Shaltmira's art was always known as provocative, mostly black and white, style influenced by another underground artists and meta and gothic music, but lots of people also would tell, that they felt the close connection with the creator after digging into her comics. You can see her comics here.
As you can see from this comics, that Shaltmira used similar drawing style and details when redrawing her version of Vyte. This illustration has a spirit of the comics itself. First let's look at the shoes. Vyte is wearing army boots, typical for anyone at that time, who were belonging to some subculture. Shaltmira wanted to her symbol of Lithuania to give a fresh look, how Lithuania would be free from fears, and she understood that it could be done by the method of reversing, that what is underground - to make visible, since she saw that there where she was and how she lived is somewhat of freedom. The army boots she was wearing herself, characters in her comics were wearing, and the woman on the horse was wearing now. In those days it was common to see lots of young people wearing army boots. Metalheads liked black ones, punks - colorful. Army boots were a sign that you think outside of the system, that you do not adapt to the common dress code, that you are not 'square', that you are not normcore.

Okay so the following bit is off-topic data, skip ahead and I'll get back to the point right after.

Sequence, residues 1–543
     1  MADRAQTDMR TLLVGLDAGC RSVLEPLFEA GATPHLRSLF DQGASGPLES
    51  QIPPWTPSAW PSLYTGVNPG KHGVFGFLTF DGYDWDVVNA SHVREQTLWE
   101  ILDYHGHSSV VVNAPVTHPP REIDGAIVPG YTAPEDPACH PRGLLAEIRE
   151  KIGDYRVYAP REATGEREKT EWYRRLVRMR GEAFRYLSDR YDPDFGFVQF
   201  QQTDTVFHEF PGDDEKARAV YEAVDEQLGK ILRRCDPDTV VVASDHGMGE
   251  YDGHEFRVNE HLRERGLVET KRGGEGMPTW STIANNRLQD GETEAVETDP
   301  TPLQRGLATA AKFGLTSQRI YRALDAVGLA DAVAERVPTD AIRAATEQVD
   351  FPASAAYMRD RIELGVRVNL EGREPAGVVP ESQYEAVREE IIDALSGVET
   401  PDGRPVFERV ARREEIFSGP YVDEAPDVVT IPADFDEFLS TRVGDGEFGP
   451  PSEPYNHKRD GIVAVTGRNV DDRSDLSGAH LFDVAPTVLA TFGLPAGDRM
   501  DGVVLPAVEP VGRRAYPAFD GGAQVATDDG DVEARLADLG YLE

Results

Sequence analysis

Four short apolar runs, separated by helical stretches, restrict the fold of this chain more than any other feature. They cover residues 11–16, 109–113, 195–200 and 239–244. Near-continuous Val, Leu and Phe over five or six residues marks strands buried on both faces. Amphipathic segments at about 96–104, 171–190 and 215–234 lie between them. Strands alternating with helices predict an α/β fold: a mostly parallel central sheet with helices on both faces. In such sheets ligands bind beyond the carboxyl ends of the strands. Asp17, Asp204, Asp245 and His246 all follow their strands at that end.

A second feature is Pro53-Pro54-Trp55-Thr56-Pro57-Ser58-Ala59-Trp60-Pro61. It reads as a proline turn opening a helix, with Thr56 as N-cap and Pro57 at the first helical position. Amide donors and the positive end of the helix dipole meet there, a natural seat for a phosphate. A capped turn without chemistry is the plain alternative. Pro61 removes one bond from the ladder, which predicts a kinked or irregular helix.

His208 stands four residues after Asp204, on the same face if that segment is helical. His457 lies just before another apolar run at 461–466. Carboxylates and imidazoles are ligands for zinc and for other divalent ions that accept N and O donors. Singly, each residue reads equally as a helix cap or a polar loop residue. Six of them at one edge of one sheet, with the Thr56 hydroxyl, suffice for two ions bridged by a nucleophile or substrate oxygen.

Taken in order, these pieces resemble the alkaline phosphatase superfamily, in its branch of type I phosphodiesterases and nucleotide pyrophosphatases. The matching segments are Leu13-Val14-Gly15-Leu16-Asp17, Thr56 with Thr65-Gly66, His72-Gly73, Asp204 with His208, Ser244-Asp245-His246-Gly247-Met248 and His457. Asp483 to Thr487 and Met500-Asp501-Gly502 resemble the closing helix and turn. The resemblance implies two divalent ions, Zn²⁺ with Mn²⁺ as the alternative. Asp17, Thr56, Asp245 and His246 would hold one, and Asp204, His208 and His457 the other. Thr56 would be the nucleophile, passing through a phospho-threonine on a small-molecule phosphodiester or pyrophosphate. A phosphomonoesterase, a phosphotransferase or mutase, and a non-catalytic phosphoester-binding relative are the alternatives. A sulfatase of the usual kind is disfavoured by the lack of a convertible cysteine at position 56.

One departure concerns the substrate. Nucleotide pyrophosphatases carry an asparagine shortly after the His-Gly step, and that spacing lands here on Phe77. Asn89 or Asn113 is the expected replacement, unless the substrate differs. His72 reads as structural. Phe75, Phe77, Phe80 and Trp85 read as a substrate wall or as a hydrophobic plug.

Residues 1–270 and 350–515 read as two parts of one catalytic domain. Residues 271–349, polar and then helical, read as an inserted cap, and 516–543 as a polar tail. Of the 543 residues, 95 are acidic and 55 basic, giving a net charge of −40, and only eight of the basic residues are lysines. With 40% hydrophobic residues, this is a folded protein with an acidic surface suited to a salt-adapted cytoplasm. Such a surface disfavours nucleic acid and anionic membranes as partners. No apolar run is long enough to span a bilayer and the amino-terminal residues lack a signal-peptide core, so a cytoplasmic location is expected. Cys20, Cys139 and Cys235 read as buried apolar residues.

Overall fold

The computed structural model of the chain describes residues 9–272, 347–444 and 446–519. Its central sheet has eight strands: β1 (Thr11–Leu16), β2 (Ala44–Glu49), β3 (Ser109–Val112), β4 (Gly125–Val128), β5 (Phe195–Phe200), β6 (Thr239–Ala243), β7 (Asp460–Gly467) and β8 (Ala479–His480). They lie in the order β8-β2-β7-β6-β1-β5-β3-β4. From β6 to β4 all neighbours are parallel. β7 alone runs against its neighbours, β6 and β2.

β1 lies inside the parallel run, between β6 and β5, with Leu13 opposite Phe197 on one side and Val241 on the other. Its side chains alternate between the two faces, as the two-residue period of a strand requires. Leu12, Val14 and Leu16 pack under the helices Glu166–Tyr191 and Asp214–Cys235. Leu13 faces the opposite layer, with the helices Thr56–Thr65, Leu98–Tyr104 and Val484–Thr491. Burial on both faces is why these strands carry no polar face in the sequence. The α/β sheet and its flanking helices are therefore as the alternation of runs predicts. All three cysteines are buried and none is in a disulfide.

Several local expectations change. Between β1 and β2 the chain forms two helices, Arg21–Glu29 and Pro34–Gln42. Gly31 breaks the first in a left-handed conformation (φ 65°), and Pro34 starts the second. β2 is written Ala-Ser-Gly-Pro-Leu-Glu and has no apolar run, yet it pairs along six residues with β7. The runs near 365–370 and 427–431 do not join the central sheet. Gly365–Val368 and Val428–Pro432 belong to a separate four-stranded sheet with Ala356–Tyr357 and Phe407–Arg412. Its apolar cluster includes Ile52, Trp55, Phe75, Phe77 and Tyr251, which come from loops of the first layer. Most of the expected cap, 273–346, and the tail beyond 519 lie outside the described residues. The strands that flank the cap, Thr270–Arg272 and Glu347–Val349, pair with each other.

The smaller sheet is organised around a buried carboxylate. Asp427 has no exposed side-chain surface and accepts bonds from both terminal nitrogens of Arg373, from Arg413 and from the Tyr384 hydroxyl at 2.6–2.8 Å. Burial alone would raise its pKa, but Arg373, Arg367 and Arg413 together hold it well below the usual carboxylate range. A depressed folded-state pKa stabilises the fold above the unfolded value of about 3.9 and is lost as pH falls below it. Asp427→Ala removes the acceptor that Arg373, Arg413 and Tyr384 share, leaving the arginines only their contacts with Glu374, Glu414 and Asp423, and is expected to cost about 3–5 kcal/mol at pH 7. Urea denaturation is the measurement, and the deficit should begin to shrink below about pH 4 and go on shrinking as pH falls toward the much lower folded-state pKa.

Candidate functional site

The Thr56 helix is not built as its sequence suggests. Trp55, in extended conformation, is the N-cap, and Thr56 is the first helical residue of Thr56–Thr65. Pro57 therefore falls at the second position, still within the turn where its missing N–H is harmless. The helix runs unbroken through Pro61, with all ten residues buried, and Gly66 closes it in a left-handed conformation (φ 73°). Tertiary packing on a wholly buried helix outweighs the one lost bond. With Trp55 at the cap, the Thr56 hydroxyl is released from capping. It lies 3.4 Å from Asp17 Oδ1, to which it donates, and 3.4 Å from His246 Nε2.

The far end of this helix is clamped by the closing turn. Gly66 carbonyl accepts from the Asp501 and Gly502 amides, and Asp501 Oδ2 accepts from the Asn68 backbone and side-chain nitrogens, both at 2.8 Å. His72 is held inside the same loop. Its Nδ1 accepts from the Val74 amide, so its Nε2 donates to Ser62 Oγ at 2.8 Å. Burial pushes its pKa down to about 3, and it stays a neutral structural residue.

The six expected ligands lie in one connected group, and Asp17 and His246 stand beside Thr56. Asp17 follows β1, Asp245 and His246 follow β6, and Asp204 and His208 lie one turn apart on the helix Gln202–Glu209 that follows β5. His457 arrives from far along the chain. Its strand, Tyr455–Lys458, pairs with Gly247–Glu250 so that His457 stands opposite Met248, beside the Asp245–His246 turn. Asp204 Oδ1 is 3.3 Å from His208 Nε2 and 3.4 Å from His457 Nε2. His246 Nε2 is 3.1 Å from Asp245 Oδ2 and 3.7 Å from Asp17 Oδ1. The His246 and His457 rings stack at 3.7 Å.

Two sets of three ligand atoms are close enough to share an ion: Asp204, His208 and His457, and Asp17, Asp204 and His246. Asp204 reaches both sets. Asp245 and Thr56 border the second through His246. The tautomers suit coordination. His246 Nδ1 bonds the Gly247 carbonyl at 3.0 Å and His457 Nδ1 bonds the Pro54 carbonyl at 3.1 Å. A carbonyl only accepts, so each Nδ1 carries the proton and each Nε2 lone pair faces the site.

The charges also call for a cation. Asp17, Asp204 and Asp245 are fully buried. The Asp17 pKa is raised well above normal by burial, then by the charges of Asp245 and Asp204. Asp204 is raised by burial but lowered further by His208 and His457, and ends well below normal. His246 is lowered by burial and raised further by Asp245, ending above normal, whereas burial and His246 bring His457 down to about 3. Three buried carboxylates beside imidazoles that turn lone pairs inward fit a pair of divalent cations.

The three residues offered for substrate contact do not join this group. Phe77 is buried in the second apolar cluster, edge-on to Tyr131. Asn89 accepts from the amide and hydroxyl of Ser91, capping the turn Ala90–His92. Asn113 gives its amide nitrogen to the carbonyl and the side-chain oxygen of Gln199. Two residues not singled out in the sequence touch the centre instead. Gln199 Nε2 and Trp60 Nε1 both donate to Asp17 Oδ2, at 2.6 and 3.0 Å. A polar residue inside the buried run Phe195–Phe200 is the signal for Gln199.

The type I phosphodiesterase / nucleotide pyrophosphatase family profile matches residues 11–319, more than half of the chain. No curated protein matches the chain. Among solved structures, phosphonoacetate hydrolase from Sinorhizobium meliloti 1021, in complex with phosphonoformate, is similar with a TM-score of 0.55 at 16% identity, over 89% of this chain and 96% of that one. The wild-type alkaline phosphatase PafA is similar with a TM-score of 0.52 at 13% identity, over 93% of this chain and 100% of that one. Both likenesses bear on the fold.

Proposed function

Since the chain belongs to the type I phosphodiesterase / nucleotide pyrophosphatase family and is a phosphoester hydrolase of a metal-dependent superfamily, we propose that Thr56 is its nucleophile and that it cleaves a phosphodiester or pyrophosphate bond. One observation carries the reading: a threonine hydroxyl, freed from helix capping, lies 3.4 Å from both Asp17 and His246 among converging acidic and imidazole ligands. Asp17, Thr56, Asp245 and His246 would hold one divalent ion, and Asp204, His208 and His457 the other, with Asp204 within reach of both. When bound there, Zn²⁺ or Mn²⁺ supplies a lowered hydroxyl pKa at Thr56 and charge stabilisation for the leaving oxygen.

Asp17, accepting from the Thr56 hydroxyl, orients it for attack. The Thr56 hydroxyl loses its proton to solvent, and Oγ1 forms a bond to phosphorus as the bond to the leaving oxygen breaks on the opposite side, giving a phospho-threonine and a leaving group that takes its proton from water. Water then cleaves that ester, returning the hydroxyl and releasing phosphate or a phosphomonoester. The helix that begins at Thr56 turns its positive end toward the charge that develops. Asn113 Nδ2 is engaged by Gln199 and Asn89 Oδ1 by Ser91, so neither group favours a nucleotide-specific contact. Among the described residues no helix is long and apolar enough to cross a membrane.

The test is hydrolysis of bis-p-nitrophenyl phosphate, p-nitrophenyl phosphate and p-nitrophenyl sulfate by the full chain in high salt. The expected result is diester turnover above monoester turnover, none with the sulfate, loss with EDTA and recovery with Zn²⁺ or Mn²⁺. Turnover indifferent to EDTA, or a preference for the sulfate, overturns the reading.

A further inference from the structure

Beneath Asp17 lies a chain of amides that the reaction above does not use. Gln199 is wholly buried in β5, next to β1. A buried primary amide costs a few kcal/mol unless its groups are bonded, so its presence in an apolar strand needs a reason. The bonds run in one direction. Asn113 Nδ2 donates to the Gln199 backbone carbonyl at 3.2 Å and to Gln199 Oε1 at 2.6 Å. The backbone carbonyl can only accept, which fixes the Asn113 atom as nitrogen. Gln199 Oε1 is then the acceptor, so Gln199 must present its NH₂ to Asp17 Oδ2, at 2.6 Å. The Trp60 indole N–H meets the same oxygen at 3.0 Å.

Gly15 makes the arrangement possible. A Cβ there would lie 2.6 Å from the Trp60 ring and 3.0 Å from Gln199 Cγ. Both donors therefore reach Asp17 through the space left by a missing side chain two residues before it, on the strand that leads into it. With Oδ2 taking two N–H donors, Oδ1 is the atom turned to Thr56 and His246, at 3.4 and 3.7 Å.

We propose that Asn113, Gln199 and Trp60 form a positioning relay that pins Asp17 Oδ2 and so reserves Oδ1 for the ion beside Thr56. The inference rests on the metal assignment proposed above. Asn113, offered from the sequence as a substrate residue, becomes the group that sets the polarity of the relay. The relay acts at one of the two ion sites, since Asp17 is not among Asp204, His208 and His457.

Oh, and people hated to see the hairy legs and armpits, of course. And that the horse 'had make up'.
The green background is opposition to the red one. As the red light in the traffic means to 'stop', so the green light means - 'go'. Red is somewhat associated with restriction, alert, danger, and green - with freedom and nature. Lithuania is full of forests, we are proud of fresh air and the amount of trees, isn't it more suitable to have more green in our symbology? We were the last pagan country in Europe, the last ones who accepted christianity, we were the last pagans.